As the country dried up, it was forced to make changes. Australia passed a law to clarify water rights and make them more easily tradable. It installed meters to measure how much each farmer was taking. It set strict fines for farmers who broke the rules.
What's next for California's regulations?
There’s still plenty of complex water law and environmental regulations, but all that has been rationalized enough so that it can take place under the hood of an online marketplace like Waterfind. There are 27,000 government rules integrated into the system, Rooney said. As you move water from one place to another, if you have to leave a percentage for environmental uses or pay a special fee, Waterfind automatically makes those adjustments to the price.
Australia may seem light-years ahead of California. But as California enters its fourth year of drought, it’s edging toward the decade-long ordeal that forced Australia to rewrite its laws. If the state legislature were motivated to make the necessary changes to water law, Central Valley farmers could be trading water from their smartphones, Silicon Valley-style. And even if the state doesn’t go that far, it could improve its water market considerably with some simple tweaks. (Hanak suggests six fixes in this report.) Even in its current, cumbersome manifestation, the California water market is working — moving water to the farmers that need it most.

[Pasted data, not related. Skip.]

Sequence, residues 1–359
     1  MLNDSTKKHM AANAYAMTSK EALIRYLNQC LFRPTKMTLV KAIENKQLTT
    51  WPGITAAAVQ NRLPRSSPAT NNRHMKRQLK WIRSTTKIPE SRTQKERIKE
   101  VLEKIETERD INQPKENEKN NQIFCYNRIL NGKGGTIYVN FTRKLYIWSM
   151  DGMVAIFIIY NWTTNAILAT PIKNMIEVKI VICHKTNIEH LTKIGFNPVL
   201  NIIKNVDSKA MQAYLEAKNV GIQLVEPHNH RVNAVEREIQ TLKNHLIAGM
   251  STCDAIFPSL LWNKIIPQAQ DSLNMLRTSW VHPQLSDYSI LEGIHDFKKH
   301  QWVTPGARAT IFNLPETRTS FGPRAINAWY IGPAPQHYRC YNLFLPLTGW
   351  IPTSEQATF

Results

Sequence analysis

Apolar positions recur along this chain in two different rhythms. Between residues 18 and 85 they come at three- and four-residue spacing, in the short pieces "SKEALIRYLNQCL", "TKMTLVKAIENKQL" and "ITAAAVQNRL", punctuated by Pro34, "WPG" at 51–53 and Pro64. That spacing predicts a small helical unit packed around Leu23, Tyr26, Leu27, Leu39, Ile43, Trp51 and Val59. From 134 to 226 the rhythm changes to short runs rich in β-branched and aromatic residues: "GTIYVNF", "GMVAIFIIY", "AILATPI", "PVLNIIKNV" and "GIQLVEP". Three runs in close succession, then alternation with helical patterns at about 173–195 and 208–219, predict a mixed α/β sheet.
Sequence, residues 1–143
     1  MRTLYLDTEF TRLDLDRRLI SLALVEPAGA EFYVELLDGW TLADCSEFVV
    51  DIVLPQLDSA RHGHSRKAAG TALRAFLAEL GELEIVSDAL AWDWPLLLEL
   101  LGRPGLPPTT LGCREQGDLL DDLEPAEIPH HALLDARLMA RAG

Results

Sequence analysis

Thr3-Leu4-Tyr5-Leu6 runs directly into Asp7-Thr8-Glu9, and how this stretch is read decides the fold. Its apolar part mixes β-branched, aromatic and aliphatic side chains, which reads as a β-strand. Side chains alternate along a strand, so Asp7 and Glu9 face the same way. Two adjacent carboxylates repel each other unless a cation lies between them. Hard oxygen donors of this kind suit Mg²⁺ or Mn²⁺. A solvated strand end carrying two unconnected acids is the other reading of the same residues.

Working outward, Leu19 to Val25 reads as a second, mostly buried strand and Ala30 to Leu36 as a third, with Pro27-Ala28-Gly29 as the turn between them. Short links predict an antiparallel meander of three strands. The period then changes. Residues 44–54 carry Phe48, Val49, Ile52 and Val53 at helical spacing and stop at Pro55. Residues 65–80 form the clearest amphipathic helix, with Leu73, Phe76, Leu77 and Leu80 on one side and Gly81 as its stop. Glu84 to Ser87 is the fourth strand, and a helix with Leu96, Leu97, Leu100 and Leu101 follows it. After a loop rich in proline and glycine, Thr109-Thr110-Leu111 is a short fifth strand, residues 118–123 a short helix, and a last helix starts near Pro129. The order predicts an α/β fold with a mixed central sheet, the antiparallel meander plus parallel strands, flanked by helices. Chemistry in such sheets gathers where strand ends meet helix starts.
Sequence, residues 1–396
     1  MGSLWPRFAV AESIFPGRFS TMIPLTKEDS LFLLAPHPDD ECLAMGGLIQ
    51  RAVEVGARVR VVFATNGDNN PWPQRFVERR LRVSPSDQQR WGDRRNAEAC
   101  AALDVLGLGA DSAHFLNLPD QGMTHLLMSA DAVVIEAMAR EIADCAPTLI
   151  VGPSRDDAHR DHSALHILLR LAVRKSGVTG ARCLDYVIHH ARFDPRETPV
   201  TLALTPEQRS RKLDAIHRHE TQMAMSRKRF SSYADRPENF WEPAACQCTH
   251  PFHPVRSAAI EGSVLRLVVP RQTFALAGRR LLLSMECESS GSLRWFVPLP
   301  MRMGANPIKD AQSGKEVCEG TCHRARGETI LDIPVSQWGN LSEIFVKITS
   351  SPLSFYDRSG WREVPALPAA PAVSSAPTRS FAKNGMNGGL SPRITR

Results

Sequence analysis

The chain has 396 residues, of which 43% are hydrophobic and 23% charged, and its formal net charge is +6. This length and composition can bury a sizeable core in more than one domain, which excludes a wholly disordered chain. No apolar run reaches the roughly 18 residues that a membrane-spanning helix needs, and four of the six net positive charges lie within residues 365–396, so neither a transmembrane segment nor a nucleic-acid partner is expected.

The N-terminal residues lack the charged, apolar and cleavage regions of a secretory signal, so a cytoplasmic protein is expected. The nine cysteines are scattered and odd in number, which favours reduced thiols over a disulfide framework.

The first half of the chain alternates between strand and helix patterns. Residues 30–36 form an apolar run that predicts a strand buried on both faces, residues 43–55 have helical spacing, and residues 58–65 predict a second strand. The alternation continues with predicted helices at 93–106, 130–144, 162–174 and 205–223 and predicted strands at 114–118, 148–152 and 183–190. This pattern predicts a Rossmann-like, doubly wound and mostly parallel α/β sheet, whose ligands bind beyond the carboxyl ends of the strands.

PS: Whenever we talk about using markets to organize some vital resource that we need to survive, people get very nervous. If we allow the market to set the price of water, what happens to the poor? Basically, the state has to take care of the people who can’t afford water, which is what we do now. In cities and towns, poor residents are offered subsidies, or "lifeline rates," well below the market price of water. In small communities where the wells have gone dry, the state has been trucking in water and laying pipes, Hanak said. The Pacific Institute, PPIC, and basically every expert I could find all support the use of markets to allocate water and cut waste — as long as we protect the poor and the environment.